Gilson/De Boeck

Our rating 
3.0 out of 5 star rating 3.0

COMPOSERS: Gilson/De Boeck
LABELS: Discover International
WORKS: De Zee; Symphony in G
PERFORMER: BRTN PO Brussels/Karl Anton Rickenbacher
These two Belgians were born in the same year, 1865, over 40 years after their more famous compatriot, César Franck. Both threw themselves into the creation of stolidly Romantic music just at the time when Debussy’s Impressionism was beginning to change the face of orchestral music for ever. Gilson’s De Zee (‘The Sea’) is a competent but unremarkable excursion into the pictorial world of the symphonic poem. In fact it was written to accompany poetry by Eddy Levis, which has been all but forgotten, along with a 19-piece brass band and male chorus which originally embellished the last movement.


It would be intriguing to hear Gilson’s acknowledged masterpiece in all its folie de grandeur, for without these bolt-on extras it lacks real interest. Vivid orchestral colour and melodic chirpiness are evidence of the Russian influence in his music, but he cannot capture the well-spring of emotion that should underlie it. The long slow movement (‘Twilight’) sprawls uneasily, and the woodwind writing is ungainly, especially in this matter-of-fact performance. The last movement (‘Tempest’) is a brave attempt at orchestral scene-painting, but not a patch on the whirlwind tumult of the storm in Strauss’s Alpine Symphony.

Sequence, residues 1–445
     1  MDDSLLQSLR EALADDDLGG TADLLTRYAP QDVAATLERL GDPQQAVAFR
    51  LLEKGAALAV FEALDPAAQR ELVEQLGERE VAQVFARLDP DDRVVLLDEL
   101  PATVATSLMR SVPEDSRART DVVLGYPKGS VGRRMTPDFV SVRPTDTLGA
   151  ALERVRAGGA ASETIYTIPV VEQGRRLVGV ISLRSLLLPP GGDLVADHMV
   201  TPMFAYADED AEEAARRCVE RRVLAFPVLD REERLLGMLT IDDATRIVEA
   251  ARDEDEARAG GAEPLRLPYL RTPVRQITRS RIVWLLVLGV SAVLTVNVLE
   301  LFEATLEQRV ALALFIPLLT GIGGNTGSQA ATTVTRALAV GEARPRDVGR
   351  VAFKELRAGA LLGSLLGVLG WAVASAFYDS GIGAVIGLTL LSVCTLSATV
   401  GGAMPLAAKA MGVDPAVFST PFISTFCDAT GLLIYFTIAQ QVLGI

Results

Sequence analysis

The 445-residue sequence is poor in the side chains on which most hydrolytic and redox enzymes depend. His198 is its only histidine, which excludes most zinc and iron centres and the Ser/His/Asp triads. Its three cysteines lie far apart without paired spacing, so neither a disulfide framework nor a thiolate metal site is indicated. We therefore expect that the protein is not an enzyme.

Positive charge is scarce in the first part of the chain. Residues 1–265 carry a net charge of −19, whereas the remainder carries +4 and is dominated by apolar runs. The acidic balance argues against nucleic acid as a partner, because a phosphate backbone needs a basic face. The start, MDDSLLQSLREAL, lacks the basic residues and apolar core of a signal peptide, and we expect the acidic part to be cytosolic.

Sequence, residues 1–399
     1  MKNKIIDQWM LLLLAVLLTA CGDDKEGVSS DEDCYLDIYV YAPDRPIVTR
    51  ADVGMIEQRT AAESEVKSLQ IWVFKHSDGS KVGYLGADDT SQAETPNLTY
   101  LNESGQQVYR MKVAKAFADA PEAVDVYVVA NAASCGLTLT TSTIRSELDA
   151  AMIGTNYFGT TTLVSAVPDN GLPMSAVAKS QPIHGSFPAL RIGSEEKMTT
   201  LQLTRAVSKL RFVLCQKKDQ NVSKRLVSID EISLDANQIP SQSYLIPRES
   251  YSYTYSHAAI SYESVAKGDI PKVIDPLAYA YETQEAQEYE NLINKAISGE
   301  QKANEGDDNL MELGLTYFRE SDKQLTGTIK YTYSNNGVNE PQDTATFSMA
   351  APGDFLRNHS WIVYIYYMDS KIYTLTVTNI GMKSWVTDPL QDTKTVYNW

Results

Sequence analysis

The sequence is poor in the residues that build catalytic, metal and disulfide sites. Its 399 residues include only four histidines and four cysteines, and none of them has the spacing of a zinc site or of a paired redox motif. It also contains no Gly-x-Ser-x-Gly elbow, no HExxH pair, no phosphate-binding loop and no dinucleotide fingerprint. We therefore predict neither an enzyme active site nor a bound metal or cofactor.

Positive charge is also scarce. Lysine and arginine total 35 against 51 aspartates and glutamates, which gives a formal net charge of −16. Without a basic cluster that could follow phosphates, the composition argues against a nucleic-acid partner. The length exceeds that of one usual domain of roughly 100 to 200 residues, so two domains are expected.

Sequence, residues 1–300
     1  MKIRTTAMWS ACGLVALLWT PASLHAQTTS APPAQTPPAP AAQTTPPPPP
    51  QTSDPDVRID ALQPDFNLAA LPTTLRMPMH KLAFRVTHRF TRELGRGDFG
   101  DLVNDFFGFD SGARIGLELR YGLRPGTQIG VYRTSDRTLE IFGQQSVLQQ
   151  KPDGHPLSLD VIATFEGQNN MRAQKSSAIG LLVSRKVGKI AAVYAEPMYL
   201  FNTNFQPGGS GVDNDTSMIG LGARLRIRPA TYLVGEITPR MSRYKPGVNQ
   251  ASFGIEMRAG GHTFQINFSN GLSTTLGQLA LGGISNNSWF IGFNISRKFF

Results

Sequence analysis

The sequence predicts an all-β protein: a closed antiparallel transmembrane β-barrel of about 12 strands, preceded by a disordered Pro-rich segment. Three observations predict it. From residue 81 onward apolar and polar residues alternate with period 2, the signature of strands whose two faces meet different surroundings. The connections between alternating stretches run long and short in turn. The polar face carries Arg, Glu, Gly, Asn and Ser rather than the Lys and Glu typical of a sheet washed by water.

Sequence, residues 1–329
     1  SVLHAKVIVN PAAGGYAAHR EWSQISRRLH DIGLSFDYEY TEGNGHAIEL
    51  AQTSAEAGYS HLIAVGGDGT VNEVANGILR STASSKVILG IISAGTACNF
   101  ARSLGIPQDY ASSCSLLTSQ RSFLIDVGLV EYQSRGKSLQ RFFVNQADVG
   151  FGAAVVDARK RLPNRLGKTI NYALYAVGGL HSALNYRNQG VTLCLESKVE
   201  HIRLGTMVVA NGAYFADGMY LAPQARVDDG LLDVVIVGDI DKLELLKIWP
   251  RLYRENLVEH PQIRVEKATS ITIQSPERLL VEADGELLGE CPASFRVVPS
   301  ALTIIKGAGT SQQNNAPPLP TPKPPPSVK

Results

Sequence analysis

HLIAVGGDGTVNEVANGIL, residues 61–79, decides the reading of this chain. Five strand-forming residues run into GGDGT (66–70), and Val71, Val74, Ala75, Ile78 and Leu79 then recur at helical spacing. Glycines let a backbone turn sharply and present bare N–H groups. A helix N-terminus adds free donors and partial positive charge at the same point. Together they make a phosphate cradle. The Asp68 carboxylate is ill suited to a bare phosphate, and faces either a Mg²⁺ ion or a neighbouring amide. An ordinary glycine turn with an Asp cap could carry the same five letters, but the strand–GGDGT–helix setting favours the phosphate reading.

De Boeck’s Symphony in G has a rumbustious, naive charm, but is uneven in its inspiration. The chatterbox Scherzo could be a jolly little lollipop. The Andante has a grand sweeping melody, which suffers for want of a decent working out. Christopher Lambton